Chinese dairy supply crisis to delay price adjustment: Report
Faced with a local supply-side crisis China is buying huge quantities of dairy from the internationally traded market - squeezing out many other buyers.
"The easing of international dairy prices from their record peak in April lasted barely eight weeks," explained Rabobank analyst Tim Hunt. "Forward pricing on the GDT Price Index suggests we are amidst a period of high pricing that is unprecedented in terms of its level and duration."
By mid-September FOB Oceania prices for most dairy products were up on quarter opening levels. Powders and butter were just 10% to 15% below record levels, with cheese (which saw a more modest peak) of just 3%.
Market tightness remains primarily supply-side driven. While milk production in export regions moved back into expansion in July, improving local consumption and lack of stock has kept exports below prior year levels through recent months. Declining milk production through most of 1H 2013 saw international trade in dairy product volumes fall in Q2 for the first time in four years.
Tightness in an already stretched market became extreme when China, already the world's largest importer, swooped into the market for 27% more product in Q2 than in the 12 months prior. It is becoming increasingly apparent that China is facing a supply-side crisis, with both structural and temporary factors pushing supply below prior year levels in 1H 2013 - with credible reports of a 6% contraction. The surge in Chinese buying in a shrinking supply pool pushed many other buyers to the side-lines, sustaining extreme pricing to ensure effective rationing of product.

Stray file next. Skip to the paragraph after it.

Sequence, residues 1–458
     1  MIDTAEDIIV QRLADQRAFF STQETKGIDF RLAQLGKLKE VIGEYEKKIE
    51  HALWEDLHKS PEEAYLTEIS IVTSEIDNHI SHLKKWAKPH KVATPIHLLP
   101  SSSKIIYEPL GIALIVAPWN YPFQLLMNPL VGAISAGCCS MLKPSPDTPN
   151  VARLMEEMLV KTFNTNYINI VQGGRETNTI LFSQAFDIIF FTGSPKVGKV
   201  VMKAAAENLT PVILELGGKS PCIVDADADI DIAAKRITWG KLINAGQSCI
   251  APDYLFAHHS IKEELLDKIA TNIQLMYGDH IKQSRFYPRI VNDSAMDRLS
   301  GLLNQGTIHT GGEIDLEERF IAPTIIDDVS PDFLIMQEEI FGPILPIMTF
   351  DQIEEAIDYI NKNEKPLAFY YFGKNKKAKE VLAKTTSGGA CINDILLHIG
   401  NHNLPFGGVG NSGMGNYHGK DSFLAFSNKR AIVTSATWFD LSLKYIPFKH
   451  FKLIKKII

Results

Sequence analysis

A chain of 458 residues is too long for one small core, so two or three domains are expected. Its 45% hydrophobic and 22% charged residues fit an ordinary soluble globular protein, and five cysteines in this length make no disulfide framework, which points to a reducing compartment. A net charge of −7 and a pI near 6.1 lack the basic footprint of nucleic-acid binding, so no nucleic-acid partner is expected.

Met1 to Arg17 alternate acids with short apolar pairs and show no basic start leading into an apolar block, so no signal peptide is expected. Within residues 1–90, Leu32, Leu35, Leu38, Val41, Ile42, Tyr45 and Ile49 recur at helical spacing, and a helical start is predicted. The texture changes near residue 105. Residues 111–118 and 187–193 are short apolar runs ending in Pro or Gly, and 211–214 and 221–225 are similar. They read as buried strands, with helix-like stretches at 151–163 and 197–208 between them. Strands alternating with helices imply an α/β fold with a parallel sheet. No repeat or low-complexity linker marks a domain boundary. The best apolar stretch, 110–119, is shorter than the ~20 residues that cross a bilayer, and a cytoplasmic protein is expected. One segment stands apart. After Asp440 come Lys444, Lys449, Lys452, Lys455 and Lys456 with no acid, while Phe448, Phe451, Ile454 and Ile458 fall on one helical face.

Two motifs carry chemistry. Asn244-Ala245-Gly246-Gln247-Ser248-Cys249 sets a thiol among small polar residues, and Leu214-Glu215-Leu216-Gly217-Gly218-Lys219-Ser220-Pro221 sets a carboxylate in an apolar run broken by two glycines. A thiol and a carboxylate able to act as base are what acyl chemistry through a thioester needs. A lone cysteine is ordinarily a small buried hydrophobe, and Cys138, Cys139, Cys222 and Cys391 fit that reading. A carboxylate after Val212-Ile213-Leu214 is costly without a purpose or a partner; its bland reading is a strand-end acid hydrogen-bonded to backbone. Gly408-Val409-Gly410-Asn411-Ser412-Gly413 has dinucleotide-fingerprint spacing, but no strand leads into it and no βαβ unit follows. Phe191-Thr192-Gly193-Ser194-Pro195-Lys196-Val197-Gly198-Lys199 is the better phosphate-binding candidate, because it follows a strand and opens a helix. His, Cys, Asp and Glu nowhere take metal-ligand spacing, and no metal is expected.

Strong farm gate pricing and falling feed costs are likely to generate a solid increase in milk production in export regions in Q4 and into the new year, providing some downward pressure on prices. However, with exportable supply growth likely to lag, China still on the hunt for increased volumes, and accumulated demand from sidelined buyers, price relief from the currently exceptionally high levels is expected to be delayed.
"Most likely, the prospect of any significant softening in world prices will be delayed, possibly until Q2 2014," commented Hunt.